Making yet another CRUD GUI is not exactly creative. Neither is any kind of usuall application you would be creating in business setting. Those mazes come presolved and you just trace line on paper.

In other cases, if you do not learn about problem being solved enough to be able to give good estimate - why are you professional? You should have business design document and technical design document and almost all gotchas covered already. What should remain is implementation itself and that is not much of creative work either - even if you have to wrestle with programing language to implement some concepts.

United States

Department of Justice Harvests Cell Phone Data Using Planes 202

Tyketto writes The US Department of Justice has been using fake communications towers installed in airplanes to acquire cellular phone data for tracking down criminals, reports The Wall Street Journal. Using fix-wing Cessnas outfitted with DRT boxes produced by Boeing, the devices mimic cellular towers, fooling cellphones into reporting "unique registration information" to track down "individuals under investigation." The program, used by the U.S. Marshals Service, has been in use since 2007 and deployed around at least five major metropolitan areas, with a flying range that can cover most of the US population. As cellphones are designed to connect to the strongest cell tower signal available, the devices identify themselves as the strongest signal, allowing for the gathering of information on thousands of phones during a single flight. Not even having encryption on one's phone, like found in Apple's iPhone 6, prevents this interception. While the Justice Department would not confirm or deny the existence of such a program, Verizon denies any involvement in this program, and DRT (a subsidiary of Boeing), AT&T, and Sprint have all declined to comment.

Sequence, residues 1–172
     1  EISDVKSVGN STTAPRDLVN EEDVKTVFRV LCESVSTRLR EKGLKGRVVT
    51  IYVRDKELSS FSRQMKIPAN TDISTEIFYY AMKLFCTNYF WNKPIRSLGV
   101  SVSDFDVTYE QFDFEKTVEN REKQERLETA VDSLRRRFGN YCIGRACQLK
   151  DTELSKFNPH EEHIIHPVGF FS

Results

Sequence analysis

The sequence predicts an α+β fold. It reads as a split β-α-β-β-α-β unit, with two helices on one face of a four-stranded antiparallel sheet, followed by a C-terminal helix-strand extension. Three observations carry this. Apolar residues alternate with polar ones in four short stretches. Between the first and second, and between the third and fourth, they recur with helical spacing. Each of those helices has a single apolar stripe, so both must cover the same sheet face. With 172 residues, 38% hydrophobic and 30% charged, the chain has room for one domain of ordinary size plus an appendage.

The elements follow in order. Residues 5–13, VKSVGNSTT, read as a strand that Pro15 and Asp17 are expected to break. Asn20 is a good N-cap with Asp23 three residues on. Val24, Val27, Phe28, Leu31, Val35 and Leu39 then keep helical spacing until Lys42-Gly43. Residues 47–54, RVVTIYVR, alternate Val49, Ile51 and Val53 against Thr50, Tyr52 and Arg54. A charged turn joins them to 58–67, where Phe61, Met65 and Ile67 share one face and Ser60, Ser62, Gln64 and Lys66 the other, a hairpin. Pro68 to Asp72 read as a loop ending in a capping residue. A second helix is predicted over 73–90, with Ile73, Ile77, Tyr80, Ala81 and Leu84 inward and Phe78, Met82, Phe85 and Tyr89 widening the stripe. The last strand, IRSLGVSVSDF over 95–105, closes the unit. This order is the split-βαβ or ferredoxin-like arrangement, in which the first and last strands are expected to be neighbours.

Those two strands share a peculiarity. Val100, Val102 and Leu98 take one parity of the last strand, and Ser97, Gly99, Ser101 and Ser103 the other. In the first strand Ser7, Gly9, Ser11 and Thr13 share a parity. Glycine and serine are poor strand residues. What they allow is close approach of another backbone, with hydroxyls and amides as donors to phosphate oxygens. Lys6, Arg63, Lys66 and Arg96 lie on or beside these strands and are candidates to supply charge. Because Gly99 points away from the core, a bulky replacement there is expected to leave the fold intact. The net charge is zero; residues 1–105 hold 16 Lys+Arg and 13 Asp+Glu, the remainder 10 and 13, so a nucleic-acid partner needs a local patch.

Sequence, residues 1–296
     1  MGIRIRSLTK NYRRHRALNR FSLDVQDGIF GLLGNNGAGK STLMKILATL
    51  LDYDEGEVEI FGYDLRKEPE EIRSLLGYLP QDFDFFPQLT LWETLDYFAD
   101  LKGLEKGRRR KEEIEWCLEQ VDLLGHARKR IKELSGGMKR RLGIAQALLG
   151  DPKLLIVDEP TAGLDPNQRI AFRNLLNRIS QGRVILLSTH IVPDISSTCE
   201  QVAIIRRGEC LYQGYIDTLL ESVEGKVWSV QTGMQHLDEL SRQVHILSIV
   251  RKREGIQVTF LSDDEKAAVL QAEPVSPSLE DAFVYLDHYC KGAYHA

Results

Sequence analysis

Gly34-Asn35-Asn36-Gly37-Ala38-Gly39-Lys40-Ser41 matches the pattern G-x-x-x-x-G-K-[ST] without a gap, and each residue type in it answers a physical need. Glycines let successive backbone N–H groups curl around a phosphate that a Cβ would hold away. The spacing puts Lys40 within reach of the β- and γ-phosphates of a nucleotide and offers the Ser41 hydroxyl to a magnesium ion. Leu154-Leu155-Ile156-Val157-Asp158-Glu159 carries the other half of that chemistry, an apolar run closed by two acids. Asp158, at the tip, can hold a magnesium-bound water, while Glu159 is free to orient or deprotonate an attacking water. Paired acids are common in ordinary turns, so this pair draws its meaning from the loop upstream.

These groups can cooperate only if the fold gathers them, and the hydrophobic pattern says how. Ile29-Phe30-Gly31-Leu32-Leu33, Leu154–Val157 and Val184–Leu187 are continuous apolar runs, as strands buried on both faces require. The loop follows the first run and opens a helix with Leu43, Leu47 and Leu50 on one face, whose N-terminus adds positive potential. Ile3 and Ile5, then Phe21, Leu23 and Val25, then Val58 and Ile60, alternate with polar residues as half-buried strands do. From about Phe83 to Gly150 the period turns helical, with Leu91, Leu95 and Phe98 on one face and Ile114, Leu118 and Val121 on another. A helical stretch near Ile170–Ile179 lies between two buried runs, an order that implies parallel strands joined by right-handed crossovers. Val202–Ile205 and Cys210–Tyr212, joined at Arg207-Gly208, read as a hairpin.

The Almighty Buck

Mayday PAC Goes 2 For 8 224

An anonymous reader writes: Lawrence Lessig's project had a bold goal: create a super PAC to end all super PACs. It generated significant support and raised over $10 million, which it spent endorsing a group of candidates for the recent mid-term elections and the primaries beforehand. The results weren't kind. Only two of the eight candidates backed by Mayday won their elections, and both of those candidates were quite likely to win anyway. Lessig was understandably displeased with the results. In a post on the Mayday site, he said, "What 2014 shows most clearly is the power of partisanship in our elections. Whatever else voters wanted, they wanted first their team to win."